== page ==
Requiem and its mercantile were ripped straight out of the nearest cyberpunk franchise, with a splash of surly Mos Eisley Cantina clientele. Apparently, the Andorians and the Orions have allied now, and they run the joint with a decidedly inconsistent hand, first failing to stop Michael at the doors for not having ID (her merchandise is way too valuable to pass up), then flubbing her arrest when Book betrays her by telling her their vault is the comms array and letting her walk into a stasis beam, freeing him to take the rest of her tech. (Yes, yes, we get it: He’s Lando and Han.) They dose her with some vaporized cross between truth serum and poppers to get her to tell them where her merchandise is, which almost goes well. She probably would have told them anyway, but the next few minutes are way more fun and stress free now that our Vulcan-raised xenoanthropologist is absolutely zooted.
“I’m dying to talk about it because today doesn’t happen to people. Ever,” she gushes to her new best friends, Orion Cop and Andorian Cop. “I might be angry. I mean, I’m supportive. I’m so supportive. I am reflexively supportive. And what is that about? I’m overcompensating!!” Eventually, she leads them to the real culprit, Book, who is already getting his teeth kicked in by the guy he stole his secret cargo from, a literal Middle Earth orc named Cosmo. Suddenly, Burnham and Book are surrounded by people who want to kill Book but will settle on her, since they need him alive to recover the cargo. That “LMAO let’s go, I guess” shrug Burnham gives Book before they wordlessly team up and start shooting their way out together added at least a few days on to my life. It’s the same look on my face every time a new disaster strolls into our already flaming hellscape.
So now we know Book is pretty cool — his people are poachers, and he’s the outcast who wants to use their gifts to rescue endangered creatures rather than sell them.
Somehow amid the cross-fire chaos, Book activates his personal transporter and Burnham steals a bunch of dilithium to get Book to take her with him. Thus begins an incredibly cool sequence during which these glorified mall cops chase our heroes through rapid-fire landscapes across this frankly gorgeous planet. Burnham punches Book several times, which seems more than fair.
Long story short, the escape brings out a new side of Book: He’s actually kind of a softboi. That is, he’s not human; he has some sort of spiritual, empathic connection with living things that helps him, for example, instantly grow plants with healing properties to dress Michael’s gunshot wound. Or encourage the endangered, walrus-size worm he’s rescuing to eat the capitalists who want to sell it as a delicacy, but please do spit out our new friend — she’s cool. “I really, really didn’t know how this day was going to turn out!” Michael sputters after being projectile-vomited back up, covered in what might, unfortunately, be digested Andorian.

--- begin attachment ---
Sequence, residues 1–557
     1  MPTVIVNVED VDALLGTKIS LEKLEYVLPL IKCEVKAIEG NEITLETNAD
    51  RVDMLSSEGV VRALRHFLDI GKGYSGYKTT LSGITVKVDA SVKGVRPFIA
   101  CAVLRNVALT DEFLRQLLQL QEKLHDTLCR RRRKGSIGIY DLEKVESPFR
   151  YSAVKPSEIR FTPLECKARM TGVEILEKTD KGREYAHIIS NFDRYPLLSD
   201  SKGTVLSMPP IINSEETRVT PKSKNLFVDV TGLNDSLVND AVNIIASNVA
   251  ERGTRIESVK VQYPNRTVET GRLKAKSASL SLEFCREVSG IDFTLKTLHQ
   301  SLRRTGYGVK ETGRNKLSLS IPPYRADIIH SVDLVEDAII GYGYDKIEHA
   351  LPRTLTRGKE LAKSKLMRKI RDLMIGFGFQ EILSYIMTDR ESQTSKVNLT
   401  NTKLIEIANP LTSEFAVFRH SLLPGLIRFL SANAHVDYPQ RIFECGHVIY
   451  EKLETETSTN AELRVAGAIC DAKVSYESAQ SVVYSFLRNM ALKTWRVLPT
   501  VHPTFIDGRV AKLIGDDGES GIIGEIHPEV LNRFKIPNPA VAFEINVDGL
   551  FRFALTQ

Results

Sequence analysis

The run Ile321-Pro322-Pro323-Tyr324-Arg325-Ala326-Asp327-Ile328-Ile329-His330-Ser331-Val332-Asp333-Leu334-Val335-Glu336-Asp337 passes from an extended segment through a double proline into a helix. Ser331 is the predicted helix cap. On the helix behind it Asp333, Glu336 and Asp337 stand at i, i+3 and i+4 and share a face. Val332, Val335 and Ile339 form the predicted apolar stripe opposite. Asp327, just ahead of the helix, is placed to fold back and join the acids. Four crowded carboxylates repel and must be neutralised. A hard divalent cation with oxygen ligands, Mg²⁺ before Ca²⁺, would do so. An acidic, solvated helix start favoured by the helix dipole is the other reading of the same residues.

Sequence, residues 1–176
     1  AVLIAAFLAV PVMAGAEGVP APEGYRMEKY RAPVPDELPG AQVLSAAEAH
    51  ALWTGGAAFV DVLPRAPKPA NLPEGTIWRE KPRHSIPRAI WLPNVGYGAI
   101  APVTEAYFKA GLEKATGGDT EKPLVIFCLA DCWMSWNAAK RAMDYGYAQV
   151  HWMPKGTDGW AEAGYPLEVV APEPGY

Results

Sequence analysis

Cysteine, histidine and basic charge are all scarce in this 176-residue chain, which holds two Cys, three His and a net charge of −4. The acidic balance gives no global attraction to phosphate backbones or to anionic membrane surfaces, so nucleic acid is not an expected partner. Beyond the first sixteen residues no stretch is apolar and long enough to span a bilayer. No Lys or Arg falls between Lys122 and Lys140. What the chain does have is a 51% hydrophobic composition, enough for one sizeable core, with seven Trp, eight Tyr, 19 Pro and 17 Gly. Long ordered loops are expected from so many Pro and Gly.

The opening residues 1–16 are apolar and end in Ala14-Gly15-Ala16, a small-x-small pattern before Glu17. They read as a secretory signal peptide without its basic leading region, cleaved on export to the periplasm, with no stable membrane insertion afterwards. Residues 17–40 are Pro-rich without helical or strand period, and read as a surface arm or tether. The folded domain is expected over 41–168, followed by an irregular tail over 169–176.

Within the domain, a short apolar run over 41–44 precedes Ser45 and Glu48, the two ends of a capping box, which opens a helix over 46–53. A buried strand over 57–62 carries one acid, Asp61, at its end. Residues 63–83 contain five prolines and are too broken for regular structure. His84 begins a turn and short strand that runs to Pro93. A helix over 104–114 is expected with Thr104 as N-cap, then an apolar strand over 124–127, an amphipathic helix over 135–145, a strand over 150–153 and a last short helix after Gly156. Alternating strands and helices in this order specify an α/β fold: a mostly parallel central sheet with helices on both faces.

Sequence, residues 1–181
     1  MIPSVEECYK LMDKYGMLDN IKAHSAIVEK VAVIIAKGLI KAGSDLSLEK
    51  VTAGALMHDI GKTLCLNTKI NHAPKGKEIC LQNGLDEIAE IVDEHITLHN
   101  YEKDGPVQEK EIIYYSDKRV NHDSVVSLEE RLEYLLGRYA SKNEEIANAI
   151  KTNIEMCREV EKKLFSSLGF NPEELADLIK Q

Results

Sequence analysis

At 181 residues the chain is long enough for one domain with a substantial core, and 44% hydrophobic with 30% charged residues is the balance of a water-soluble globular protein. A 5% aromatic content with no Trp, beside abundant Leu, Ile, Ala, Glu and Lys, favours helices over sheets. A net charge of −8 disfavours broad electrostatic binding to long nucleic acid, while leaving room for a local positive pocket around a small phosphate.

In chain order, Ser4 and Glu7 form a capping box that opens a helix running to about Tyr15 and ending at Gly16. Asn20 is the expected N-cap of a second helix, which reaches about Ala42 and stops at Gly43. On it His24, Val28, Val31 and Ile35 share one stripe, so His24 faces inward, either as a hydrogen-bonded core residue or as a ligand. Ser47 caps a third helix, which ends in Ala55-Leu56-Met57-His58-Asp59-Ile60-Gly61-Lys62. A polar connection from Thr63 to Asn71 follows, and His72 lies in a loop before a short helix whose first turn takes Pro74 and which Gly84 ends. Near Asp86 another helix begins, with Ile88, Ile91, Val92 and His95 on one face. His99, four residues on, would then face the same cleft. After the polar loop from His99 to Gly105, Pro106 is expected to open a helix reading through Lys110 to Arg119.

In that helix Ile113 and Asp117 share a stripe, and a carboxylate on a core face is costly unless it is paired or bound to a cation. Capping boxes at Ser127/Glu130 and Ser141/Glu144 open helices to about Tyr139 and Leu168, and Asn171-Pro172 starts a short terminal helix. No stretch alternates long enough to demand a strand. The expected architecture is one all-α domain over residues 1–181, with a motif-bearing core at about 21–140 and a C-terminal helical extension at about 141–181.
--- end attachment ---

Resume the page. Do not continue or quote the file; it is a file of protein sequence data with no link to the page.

So now we know Book is pretty cool — his people are poachers, and he’s the outcast who wants to use their gifts to rescue endangered creatures rather than sell them. And apparently he’s decided Burnham is pretty cool, too, because he finally asks her how far in time she’s traveled, lets her try contacting Discovery using the comms array he’s had in his pocket this whole time, and then, when that fails, takes her to an old Federation relay station couriers now use as a waypoint. Cue the waterworks …
Discovery has even spawned its own spin-off to come, Star Trek Strange New Worlds. Look for an upcoming blogpost on the new series, as well as coverage on S2 of Star Trek Picard!
Here, she meets Aditya Sahil, the Desmond-esque Starfleet liaison who, as we briefly saw in the cold open, has been getting up and going to work for 40 years, all alone, waiting for the day a Federation officer finally showed up. Michael introduces herself — by name, rank, and serial number — and I’ll be damned if I didn’t well up at the look on this dude’s face as he stands up to offer her his assistance. He can’t locate Discovery, but he only has a sensor range of about 30 sectors, because long-range sensors “failed decades ago” — another crushing reminder of all they’ve lost. Worst of all, it’s clear that Discovery is probably not here yet, which means Michael might find them tomorrow — or she might never see them again. This is the new reality she’s going to have to live with: no Federation, no family, and no end in sight.
But, as Sahil puts it, his faith has already been rewarded: “That hope is you, Commander Burnham.” He admits that while his father and grandfather were commissioned Starfleet officers, there was no one to commission him — and thus no one who could raise the Starfleet flag. As I full-on sob over here, Burnham commissions him as her communications chief to continue the search for Discovery, and they raise the flag together. “I don’t know how much of the Federation still exists. I simply do my part to keep it alive,” Sahil says, fully restoring my will to live. “Our numbers are few. Our spirit is undiminished.”
Maybe we’ll get through this nightmare after all.
As we now all patiently wait for a S4, Star Trek as a TV staple looks to be as healthy as it once was when the franchise spent 18 consecutive years on our sets. Discovery has even spawned its own spin-off to come, Star Trek Strange New Worlds. Look for an upcoming blogpost on the new series, as well as coverage on S2 of Star Trek Picard! I’m just thrilled to see so much new and excellent development in the world of Star Trek!
Source: Arstechnica, The Ringer, Paramount Plus, Vulture, IMDB.